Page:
What to Make this Week (2/22/16)

You’re too busy to even decide what to make this week, aren’t you?  I know the feeling. After spending days, sometimes weeks, deciding what I’m going to make only to be too tired to actually shop and make the food I’ve selected, I’ve finally gotten better at quickly finding the recipes and recipe combination that will work for me and my family.

In hopes that I can alleviate some work for you, I’m sharing my weekly selections here.  Feel free to use one or all of these as a plan or inspiration of what to eat this week!  I’m also thinking of testing out a shopping list – preferably something that includes the food for the week but easily customizable. What do you think? Would that be useful?


Almost every week, I start off making these simple basics so that I always have a healthy starter for my meals. You’ll see that it makes it easy to pair it up with the specific recipes I make or eat them in combination on their own or with a can of beans and some store-bought sauce to make a quick, nutritious, and affordable meal.

  • A whole grain: Usually I’ll cook up 2 cups dry of either brown rice or quinoa on the stove. Take the 2 cups dry, combine with 4 cups water (2:1 ratio), bring to a boil, reduce to a simmer, cover and cook until done. This will take about 45 minutes for brown rice or 20 minutes for quinoa.
    • Store it: Cooked grains will last about 4 days in the fridge, which means they’ll last you most of the work week (wahoo!).  You can also freeze them in plastic bags or storage containers in single-size portions for about 6 months. Just make sure you cool them off and store them right away as they can be surprisingly, potentially dangerous when left at room temp.  (P.S. remind me to tell you the story of my food safety training and my near death experience with the rice that was trying to get me)
  •  A tray (or two) of roasted veggies: One of my surefire ways to eat all the veggies (my New Year’s resolution this year) is to roast up a big tray or two at the beginning of the week and use them in all kinds of dishes. They’re already cooked so it’s super fast.  Just pick your favorite ones; some that roast particularly well are: brussels sprouts, carrots, broccoli, cauliflower, onions, and bell peppers.  Toss together with about 2 Tbsp olive oil (enough to cover really lightly) and a sprinkle of salt and pepper or your favorite all purpose seasoning (keep in neutral). Roast at 400 degrees about 20 minutes. Toss with spoon, then continue roasting another 20 minutes or until veggies are cooked through and brown at the edges.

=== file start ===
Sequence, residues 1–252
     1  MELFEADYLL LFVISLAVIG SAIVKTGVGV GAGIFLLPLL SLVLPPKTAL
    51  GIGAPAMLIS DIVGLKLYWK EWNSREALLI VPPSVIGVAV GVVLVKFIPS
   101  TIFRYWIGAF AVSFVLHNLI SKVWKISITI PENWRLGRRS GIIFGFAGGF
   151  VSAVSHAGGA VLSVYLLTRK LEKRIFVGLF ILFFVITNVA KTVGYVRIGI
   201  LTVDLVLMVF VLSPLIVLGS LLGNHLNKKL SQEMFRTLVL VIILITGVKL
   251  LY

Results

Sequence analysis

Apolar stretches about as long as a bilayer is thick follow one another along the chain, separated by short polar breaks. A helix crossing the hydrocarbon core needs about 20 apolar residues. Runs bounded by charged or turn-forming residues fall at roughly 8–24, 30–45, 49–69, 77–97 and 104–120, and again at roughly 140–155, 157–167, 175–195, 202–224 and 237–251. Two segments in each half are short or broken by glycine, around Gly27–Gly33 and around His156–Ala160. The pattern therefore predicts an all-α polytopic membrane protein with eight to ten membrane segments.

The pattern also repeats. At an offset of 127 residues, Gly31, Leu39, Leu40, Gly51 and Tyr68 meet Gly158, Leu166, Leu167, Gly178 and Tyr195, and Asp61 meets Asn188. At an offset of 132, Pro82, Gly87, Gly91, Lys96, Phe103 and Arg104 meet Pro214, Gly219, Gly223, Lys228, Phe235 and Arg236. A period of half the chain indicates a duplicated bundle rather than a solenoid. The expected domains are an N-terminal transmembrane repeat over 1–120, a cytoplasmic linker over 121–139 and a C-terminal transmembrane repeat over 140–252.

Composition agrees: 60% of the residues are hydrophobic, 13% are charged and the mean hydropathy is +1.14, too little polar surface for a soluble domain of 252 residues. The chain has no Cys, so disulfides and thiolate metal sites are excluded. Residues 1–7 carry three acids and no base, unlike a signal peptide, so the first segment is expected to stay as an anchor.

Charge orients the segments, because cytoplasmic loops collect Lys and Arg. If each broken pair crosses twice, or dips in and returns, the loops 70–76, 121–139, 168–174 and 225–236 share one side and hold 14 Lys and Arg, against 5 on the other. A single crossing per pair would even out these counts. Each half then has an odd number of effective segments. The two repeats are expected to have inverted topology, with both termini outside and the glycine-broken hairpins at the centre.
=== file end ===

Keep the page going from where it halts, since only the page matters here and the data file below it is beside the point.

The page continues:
• Store it: These will also last 4-5 days stored in the fridge. In a pinch if you’ve made to many you can also freeze them, you’ll just want to use them as an element in a dish (think burrito filling) rather than solo (think defrosted + sauce) when you’re ready to enjoy them.


  • Teriyaki salmon with roasted sweet potato rounds and cauliflower (serves 4):
    • Preheat oven to 400 degrees
    • Slice 2 sweet potatoes into 1/2 inch thick rounds, rub with a bit of coconut oil, sprinkle with salt and pepper and lay in a single layer on one or two baking sheets. Roast 15-20 minutes then flip and roast about 10 minutes more, until lightly browned on each side and cooked through
    • While the sweet potatoes are cooking:
      • Coat 1 pound salmon filet in about 1 cup of teriyaki sauce by just pouring it over the top in a Pyrex dish. Let sit
      • Cut up 1 head cauliflower into florets and toss in a large bowl with 2 Tbsp olive oil and 2 Tbsp mustard (preferably grainy) and a sprinkle of salt
    • Remove potatoes from tray and replace with cauliflower, also in a single layer. Place in oven and roast about 15 minutes.
    • Then increase heat to 425 degrees. When it’s heated, add the dish of salmon in and bake about 6 minutes per 1/2 inch of thickness (my 1 lb piece took about 15 minutes), until it flakes easily with a fork. At this point your cauliflower should also be done and you’ll be ready to eat!
  • Slow Cooker Yellow Thai Curry with Beef served over my cooked whole grain and maybe with some of the roasted veggies stirred in at the end to bump up the plant content
  • I’m going to make a 1/2 recipe of this Citrus Braised Pork from a new book Greg got me for Valentine’s Day.  That and I’ll be using just 1 lb of pork (it should be 1.75) plus 1 cup of dried heirloom beans I’m cooking up to bump up the planty goodness and reduce the meat portion. This will also likely be served over my whole grain and with roasted veggies, but who’ll notice with all the other tasty flavors going on?

I’ll let you know how it goes in the comments!

What are you making this week? Are there any new recipes you might recommend we try?

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